Coauthored by Alexis Wegman, Manager, Workforce Solutions, Press Ganey.
As we consider the Human Experience in healthcare, our workforce is foundational to everything we do. Optimal patient experiences, better clinical outcomes, and fewer safety events all start with an engaged, resilient workforce—as well as an environment that supports and empowers them.
But the healthcare workforce has been struggling. And the events of recent years poured gasoline on an already-lit flame. The daily pressures of the job—compounded by a global pandemic, a rise in violence against caregivers, and even bullying among colleagues—have seen engagement plunge to an all-time low. This is further exacerbated by the widespread erosion of employee and physician/APP engagement and physician/APP alignment (i.e., how providers perceive their relationship with organizational leadership). As a result, burnout and turnover have reached alarming levels among clinical and nonclinical workers alike. Healthcare has crossed the threshold, and entered into an unsettling reality that has organization- and industry-wide implications. Because, when the workforce suffers, safety culture declines, and our patients suffer, too.
Between 2020 and 2022, workforce engagement declined at 3x the average rate compared to previous years.
Level set: The state of healthcare employee engagement today
Before the pandemic, downward trends in employee, nurse, and physician/APP engagement issued a cautionary tale about the “health” of our healthcare workforce. And COVID-19 just made a bad situation worse.
Between 2020 and 2022, employee engagement declined at 3x the average rate of previous years—and it’s yet to recover. Across all roles, levels, tenures, and locations, engagement has reached a historic low, and healthcare organizations face a serious staffing crisis. Competition for talent is fierce. High performers are seeking out more lucrative opportunities. And many healthcare employees—fed up with long hours, unsafe conditions, hostile patients, and extreme daily pressures—have left the industry altogether.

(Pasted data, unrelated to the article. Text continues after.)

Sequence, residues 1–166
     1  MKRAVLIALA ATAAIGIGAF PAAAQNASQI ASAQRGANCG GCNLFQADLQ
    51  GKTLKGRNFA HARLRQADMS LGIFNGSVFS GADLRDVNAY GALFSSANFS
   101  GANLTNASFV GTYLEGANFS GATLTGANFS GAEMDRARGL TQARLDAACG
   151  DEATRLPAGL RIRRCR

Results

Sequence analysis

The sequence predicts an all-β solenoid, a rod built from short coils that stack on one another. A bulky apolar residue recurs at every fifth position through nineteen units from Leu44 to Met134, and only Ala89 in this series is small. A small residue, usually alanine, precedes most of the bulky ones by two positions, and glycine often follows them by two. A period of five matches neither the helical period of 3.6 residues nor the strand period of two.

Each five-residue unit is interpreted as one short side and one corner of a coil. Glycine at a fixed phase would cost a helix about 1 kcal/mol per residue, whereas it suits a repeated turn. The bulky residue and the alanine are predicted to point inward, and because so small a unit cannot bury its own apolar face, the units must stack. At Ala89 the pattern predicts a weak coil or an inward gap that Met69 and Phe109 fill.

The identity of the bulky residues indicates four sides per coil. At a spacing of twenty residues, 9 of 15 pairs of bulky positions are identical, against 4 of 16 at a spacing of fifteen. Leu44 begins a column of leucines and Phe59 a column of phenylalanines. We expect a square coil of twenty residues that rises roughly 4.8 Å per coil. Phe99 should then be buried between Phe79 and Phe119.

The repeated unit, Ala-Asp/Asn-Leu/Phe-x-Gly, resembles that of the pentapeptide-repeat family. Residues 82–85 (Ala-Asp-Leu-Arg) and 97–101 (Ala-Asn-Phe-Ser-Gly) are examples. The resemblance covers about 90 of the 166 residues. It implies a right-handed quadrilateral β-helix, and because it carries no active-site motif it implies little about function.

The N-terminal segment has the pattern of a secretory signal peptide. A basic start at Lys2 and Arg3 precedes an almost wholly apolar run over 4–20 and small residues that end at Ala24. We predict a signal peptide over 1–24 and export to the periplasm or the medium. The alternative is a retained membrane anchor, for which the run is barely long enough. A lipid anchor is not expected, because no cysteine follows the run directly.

After everything our workforce has been through, the question is: How do we bounce back?
As healthcare leaders, we must understand and accept the current state to be able to quickly move to meaningful action in supporting our ailing workforce. Data is a great place to start. Press Ganey analyzed feedback from 1.72M+ employees, nurses, and physicians—across hundreds of organizations and thousands of facilities—to gauge the state of the healthcare workforce and see how top performers keep key metrics, like employee engagement, high.
Healthcare organizations that have managed to buck negative workforce trends lean on consistent employee listening strategies to both collect feedback about what’s happening on the ground and collaborate with employees on developing new solutions and tactics.
Beyond the annual employee survey: What is continuous listening?
Continuous listening is the mission-critical practice of regularly gathering, analyzing, visualizing, and, most importantly, acting on employee feedback. This can be accomplished by synthesizing input across various channels to gain deep insight into employees’ needs—and then using this information to drive intentional change and improvement. Continuous listening fuels critical action to drive engagement and overall experience, as well as other important healthcare outcomes like safety and patient experience.
Continuous listening must be just that: continuous. It's not a suggestion box in the break room, or a one-and-done annual survey. It’s a concerted effort to regularly hear employee voices and show them, through direct actions, that their feedback is valuable to the healthcare organization.
Continuous employee listening must also be purposeful. This means taking direct action as a result of your learnings—and communicating those actions across the organization, so everyone knows their feedback led to real change. When employees see their input is valued, they feel respected, they become more engaged, and they’re more likely to offer feedback in the future.